• The book is referenced in Key and Peele skit "Prepared for Terries," in which the events of the work are reconfigured as a loose allegory of the sketch's own questions of conformity in the face of personal discomfort.
  • The book is referenced in Season 4, episode 5 of Showtime's Ray Donovan.
  • The book is referenced in the movie The Chambermaid (Kino Lorber).
  • The book is referenced in a Singapore drama, "Morning Express."



The novella inspired the production of a film of the same title in 1973. The film was made by Hall Bartlett many years before computer-generated effects were available. In order to make seagulls act on cue and perform aerobatics, Mark Smith of Escondido, California built radio-controlled gliders that looked like real seagulls from a few feet away. This footage was not used in the final cut of the film.[16]

Bach had written the film's original screenplay, but he sued Paramount Pictures before the film's release because he felt that there were too many discrepancies between the film and the book. Director Bartlett had allegedly violated a term in his contract with Bach which stated that no changes could be made to the film's adaptation without Bach's consent.[17] Bach took offense to scenes Bartlett had filmed which were not present in the book, most notably the sequence in which Jonathan is suddenly attacked by a wild hawk, which was voiced by Bartlett himself. Ultimately, the court ruled that Bach's name would be taken off the screenplay credits, and that the film would be released with a card indicating that Bach disapproved of the final cut. Bach's attorney claimed, "It took tremendous courage to say this motion picture had to come out of theaters unless it was changed. Paramount was stunned."[18]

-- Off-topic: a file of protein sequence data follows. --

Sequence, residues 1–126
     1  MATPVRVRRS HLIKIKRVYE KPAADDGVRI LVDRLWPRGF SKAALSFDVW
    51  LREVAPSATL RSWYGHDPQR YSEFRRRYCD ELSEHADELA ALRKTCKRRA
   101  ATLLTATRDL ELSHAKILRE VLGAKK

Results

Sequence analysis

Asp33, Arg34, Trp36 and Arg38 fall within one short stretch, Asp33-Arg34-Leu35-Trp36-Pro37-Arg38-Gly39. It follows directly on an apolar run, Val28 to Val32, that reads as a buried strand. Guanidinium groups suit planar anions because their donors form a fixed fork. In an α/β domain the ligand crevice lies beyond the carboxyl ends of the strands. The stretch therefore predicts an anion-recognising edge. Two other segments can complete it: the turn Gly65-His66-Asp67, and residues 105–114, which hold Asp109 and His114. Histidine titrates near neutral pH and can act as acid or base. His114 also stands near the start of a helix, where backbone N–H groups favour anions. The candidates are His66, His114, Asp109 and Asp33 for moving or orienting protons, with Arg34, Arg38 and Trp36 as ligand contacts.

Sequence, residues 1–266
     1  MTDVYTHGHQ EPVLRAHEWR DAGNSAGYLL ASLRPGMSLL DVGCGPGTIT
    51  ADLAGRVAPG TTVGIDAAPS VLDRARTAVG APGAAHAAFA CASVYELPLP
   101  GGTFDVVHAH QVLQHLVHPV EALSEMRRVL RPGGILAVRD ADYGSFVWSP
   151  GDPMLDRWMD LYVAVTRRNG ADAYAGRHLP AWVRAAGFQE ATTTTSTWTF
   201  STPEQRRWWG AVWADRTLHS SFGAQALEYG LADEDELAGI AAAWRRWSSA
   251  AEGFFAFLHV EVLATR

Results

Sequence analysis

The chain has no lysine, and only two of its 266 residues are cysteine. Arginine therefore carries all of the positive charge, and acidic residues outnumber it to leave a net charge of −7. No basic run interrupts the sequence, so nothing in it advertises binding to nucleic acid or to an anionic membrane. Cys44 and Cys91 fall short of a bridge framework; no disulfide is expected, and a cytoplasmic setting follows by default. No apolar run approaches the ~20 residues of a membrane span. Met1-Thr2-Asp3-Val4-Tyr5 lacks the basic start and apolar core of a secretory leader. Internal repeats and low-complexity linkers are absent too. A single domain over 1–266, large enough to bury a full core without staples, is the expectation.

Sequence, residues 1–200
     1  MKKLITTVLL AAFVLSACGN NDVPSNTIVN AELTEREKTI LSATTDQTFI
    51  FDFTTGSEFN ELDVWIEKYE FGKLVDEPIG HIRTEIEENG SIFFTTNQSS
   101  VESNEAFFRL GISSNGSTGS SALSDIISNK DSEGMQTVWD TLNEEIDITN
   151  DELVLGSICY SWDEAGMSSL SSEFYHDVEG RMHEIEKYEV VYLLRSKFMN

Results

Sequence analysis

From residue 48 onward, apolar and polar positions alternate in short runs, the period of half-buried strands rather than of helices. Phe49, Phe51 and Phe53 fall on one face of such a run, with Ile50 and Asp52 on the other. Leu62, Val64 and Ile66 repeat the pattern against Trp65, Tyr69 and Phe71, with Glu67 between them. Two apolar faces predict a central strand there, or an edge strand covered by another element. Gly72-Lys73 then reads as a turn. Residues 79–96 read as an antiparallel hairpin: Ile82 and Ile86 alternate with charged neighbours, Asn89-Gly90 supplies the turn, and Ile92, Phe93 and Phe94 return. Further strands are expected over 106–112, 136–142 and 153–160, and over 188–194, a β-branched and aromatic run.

The Grammy Award-winning soundtrack album was composed and performed by Neil Diamond and produced by Tom Catalano. It won the 1974 Grammy Award as Best Original Score Written for a Motion Picture or a Television Special. The album apparently also made more money than the film, selling two million copies in the United States,[19] 400,000 in France,[20] 250,000 in Germany,[21] 200,000 in Canada [22] and 100,000 in the United Kingdom.[23]

The Irish actor Richard Harris won a Grammy in 1973 for the Audiobook LP Jonathan Livingston Seagull.[24] To date, Harris's reading has not been released on any other format. Versions read by the author, Richard Bach, have been released on LP, cassette, and CD.[25][26][27]

And the second or last name was inspired by:

The Science of the Lemurian Flow.

This idea came somewhat from the laid back ideas of surfers on a mystical level where surfing was a religious experience and a key to enlightenment for surfers around the world. Many life long surfers see surfing as a spiritual discipline leading to enlightenment and a better life for themselves and their families worldwide.

There is something very humanizing about Surfing approached from as a spiritual discipline I have always noticed.

I was a surfer from 1960 to 1969 when I switched more to skiing, body surfing, boogie boarding and scuba and snorkeling which I had also done from around 1960 also living on the coast of southern California from 1952 mostly until the present in San Diego, Los Angeles County and north towards San Francisco. Also, I lived in Mt. Shasta from 1976 until 1992 off and on too with my family and children where skiing was wonderful while I lived there every winter.

Also, Lemuria was from Baja California up into Oregon up the California Coast thousands of years ago as a civilization that traveled to the stars which I remember from past lives.